The fog rolling in off Lake Michigan was striking this morning. This trip out to shoot the scenery prompted a quick look into the basic meteorology behind the phenomenon—a question the excellent Chicago Weather Center blog has usually already answered.
Here's the deal with Chicago fog in general:
The nation's largest fog machine? That would be Lake Michigan, at least for tonight. An expansive area of dense fog that's been sitting over the southern end of the lake all day is starting to work its way onshore.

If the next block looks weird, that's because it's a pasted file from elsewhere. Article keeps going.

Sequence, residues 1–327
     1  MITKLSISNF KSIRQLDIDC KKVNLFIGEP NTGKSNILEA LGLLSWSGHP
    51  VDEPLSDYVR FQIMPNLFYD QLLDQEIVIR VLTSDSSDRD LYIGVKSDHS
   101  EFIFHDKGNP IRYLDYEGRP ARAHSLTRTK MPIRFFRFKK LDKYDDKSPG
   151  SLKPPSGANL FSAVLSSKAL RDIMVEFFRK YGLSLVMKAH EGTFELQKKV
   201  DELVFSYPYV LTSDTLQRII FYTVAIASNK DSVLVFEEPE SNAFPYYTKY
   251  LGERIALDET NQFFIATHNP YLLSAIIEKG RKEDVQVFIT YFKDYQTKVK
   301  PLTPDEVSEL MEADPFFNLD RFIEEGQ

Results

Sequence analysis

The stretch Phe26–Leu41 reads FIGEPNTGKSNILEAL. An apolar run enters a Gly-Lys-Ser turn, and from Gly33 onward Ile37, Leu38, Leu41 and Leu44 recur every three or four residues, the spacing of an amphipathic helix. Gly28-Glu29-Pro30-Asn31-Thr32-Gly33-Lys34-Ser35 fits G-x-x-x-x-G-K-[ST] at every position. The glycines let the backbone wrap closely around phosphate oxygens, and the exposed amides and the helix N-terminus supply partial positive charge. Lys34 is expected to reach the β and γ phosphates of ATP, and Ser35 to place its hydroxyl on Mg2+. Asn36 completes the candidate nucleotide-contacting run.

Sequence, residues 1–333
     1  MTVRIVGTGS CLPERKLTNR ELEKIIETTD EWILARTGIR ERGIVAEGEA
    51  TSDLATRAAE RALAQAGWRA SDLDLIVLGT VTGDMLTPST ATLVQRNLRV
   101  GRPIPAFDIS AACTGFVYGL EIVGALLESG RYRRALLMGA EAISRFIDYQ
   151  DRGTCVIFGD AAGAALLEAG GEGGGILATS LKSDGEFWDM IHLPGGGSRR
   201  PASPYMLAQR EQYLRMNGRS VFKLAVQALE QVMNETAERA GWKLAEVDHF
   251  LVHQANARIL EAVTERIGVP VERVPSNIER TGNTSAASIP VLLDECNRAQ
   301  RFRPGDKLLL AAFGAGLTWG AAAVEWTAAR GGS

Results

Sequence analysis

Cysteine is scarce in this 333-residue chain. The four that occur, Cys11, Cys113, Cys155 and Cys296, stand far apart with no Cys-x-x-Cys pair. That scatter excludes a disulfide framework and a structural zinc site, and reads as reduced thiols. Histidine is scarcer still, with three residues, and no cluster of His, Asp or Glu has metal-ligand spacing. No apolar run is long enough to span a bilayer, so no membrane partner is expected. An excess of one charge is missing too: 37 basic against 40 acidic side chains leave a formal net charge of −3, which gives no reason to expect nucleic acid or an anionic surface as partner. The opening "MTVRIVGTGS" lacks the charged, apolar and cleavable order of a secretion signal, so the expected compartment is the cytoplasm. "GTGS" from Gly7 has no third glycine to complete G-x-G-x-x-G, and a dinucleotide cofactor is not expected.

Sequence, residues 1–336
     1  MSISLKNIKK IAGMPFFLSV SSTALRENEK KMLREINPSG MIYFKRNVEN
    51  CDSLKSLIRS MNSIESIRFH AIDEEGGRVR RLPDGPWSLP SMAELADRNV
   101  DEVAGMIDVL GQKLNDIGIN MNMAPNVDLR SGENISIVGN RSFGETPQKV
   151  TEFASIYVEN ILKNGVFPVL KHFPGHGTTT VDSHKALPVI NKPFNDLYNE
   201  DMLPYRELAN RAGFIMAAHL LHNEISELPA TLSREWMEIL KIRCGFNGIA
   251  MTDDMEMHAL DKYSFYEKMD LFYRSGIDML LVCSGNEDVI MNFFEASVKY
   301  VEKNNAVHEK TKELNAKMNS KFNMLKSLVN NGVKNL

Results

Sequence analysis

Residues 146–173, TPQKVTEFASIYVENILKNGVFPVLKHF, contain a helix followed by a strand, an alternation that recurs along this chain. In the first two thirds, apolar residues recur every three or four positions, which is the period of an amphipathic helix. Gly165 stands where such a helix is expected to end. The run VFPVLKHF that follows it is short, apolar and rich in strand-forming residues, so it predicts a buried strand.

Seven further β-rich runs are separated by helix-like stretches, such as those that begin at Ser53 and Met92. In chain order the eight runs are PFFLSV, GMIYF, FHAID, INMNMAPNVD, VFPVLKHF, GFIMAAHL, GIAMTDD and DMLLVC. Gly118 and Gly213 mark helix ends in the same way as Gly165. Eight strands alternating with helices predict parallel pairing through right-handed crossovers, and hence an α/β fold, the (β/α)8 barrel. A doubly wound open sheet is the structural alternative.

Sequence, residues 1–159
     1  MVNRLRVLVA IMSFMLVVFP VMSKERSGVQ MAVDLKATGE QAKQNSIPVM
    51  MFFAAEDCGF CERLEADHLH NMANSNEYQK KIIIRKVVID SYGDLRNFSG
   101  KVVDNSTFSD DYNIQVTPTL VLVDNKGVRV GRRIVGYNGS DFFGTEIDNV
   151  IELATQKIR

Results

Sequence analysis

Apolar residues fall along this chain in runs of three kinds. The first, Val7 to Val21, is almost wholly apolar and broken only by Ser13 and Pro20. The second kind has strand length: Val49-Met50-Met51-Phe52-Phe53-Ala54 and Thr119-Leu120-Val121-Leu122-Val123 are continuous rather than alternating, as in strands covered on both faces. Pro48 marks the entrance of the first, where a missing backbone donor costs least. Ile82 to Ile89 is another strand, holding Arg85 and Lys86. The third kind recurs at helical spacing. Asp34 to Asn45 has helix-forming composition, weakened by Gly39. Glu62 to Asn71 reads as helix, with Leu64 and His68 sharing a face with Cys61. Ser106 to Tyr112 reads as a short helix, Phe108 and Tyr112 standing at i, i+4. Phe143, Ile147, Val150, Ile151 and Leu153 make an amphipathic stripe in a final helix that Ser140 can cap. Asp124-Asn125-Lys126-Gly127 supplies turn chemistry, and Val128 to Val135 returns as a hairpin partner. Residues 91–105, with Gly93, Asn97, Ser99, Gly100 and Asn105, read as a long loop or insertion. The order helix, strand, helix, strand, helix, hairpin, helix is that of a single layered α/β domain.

The fog is a by-product of moist air (dew point temperatures in the lower 60s) interacting with lake cooled air. As moist air drifts over the lake, it is cooled to the saturation point, which results in low level cloud or fog formation that hugs the surface. Another key ingredient for lake fog in this instance is light winds.
This time, it was the intense heat and humidity from early this week rapidly cooling down overnight. Or, to put it in weatherman terms: "Nighttime cooling brought temperatures down to the dew points in sections of the Chicago area overnight producing areas of thick fog … Light winds aided the process."
Whatever the science behind it, it was beautiful—and a great reason to take an impromptu trip to the beach.